Japanese finance house Nomura says President Xi Jinping (pictured) may bring little help to Macau’s struggling casino industry during his upcoming visit to the city.
“Overall, it appears to us that chances are slim for a big gift basket from Xi’s upcoming visit,” a team of five Nomura analysts wrote in a research note issued on Thursday.
President Xi is expected to visit Macau on December 19 and 20, to head the official celebrations of the 15th anniversary of the handover of Macau from Portugal to China. The visit has not yet been officially announced.
“Our understanding from our recent channel survey is that, looking beyond the technicalities of the mid-term gaming licensing review in Macau, Beijing may fundamentally view gaming as a licensed business granted to Macau by itself,” Nomura stated.
The note added: “While many investors seem to think that Beijing can and will keep Macau prosperous, there are two valid questions to ask: a) whether there is that much Beijing can do to help with the development of Macau; and b) why should Beijing help as local residents in Macau are already better off versus people elsewhere in China and many in Taiwan and Hong Kong.”
Several gaming analysts have warned that President Xi’s upcoming visit to Macau could have a negative impact on gross gaming revenue (GGR).
“Mid-month results could be impacted if President Xi’s visit to Macau affects high-end visitation,” Wells Fargo Securities LLC senior gaming analyst Cameron McKnight wrote on Tuesday.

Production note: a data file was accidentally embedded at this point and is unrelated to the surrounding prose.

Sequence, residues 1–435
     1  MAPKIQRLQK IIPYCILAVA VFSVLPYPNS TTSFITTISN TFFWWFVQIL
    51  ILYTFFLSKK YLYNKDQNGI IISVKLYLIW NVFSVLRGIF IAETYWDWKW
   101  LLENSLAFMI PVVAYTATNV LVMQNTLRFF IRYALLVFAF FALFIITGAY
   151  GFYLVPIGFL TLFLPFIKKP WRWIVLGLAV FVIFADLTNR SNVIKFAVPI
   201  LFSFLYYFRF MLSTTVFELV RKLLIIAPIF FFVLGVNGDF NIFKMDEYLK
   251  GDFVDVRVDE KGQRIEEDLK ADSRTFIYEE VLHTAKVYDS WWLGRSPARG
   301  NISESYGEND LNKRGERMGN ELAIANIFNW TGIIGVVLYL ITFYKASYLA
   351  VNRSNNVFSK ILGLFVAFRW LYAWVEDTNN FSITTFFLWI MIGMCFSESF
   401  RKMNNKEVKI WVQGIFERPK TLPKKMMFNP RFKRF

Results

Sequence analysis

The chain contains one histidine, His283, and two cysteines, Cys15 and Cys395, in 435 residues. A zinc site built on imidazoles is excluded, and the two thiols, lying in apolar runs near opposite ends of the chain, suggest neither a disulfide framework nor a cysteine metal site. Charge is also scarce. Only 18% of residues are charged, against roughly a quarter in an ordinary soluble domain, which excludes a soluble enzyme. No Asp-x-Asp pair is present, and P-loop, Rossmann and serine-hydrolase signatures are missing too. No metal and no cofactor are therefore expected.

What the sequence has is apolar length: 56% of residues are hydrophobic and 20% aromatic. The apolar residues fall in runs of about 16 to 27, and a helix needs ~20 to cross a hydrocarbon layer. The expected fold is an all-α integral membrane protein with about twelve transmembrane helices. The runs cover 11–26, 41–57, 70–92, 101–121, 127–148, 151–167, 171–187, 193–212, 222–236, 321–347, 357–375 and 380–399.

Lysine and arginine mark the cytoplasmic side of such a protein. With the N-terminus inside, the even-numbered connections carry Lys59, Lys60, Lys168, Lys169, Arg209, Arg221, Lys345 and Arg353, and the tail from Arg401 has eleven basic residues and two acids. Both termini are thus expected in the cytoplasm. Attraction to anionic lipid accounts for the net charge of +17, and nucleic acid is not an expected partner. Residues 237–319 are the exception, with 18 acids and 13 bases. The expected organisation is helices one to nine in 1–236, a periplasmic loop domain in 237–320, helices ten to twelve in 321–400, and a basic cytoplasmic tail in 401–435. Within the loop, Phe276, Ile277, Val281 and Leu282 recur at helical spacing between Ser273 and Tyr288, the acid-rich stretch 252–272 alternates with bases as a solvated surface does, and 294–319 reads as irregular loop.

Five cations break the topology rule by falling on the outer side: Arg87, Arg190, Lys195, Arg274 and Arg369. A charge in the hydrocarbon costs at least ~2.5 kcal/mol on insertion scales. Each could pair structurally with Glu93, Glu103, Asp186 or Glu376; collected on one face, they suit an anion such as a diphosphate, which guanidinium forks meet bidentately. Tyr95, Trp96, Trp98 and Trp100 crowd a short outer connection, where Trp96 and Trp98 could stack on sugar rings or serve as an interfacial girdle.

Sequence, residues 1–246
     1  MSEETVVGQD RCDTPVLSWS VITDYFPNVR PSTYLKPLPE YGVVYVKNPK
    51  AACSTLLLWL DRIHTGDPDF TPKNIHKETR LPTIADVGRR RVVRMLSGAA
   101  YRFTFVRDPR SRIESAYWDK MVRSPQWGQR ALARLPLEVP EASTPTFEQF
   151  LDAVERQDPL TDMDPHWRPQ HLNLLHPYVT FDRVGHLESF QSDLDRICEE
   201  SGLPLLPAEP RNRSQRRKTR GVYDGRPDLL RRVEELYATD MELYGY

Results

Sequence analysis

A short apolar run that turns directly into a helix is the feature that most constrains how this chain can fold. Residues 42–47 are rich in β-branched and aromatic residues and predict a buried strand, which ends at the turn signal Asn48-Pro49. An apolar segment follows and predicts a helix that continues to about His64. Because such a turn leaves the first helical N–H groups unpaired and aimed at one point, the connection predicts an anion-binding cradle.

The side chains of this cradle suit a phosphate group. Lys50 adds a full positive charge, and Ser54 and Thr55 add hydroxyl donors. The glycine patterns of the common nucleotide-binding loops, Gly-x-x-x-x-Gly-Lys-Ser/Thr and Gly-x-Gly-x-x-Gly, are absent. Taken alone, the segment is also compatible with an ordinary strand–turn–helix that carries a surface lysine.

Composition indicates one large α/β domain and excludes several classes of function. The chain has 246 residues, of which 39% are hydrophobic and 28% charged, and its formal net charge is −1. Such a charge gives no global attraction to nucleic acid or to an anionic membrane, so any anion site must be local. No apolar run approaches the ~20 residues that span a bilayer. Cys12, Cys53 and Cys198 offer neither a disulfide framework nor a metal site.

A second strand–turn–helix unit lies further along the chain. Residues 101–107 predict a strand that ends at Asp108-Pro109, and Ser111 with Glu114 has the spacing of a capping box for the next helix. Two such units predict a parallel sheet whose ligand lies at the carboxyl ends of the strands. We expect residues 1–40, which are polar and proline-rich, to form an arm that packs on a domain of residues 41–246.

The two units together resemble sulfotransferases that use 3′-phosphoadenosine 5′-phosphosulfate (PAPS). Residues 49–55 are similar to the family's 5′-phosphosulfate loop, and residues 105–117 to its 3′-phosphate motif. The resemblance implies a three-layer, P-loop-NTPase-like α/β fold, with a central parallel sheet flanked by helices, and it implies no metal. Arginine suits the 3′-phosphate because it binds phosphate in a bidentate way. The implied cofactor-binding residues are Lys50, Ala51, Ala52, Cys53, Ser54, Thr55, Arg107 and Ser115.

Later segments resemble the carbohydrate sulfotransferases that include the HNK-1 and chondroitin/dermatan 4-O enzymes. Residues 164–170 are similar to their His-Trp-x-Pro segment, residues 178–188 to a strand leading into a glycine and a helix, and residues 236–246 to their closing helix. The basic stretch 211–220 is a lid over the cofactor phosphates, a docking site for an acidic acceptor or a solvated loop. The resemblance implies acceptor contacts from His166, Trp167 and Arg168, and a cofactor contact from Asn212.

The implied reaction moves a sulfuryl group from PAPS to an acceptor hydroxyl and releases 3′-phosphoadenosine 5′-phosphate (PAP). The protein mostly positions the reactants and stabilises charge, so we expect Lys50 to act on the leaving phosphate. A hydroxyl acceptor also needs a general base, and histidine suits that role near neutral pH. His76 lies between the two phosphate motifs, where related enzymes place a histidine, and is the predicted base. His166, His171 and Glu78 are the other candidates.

Monthly casino GGR in Macau has been dropping since June measured in year-on-year terms. Based on non-official industry returns for December 1 to 8, several brokerages are forecasting GGR for the entire month to drop by between 23 percent and 30 percent.
In a previous note, Nomura said that casino GGR would probably drop by 2 percent for full-2014. In Thursday’s report, the finance house said it expects GGR in Macau to decline at least 3 percent in year-on-year terms in 2015, “with China’s macro environment adding to the GGR uncertainty”.
Mar 18, 2019Sociedade de Jogos de Macau SA (SJM) – the Macau-registered unit that holds the gaming rights for SJM Holdings Ltd – announced on Monday a pay rise of between “2.5 percent and 8.3 percent”...
Mar 18, 2019
Mar 18, 2019
"When the gaming concessions expire, the Macau government is inclined to launch a public tender [for new gaming rights]"
Lionel Leong Vai Tac
Macau Secretary for Economy and Finance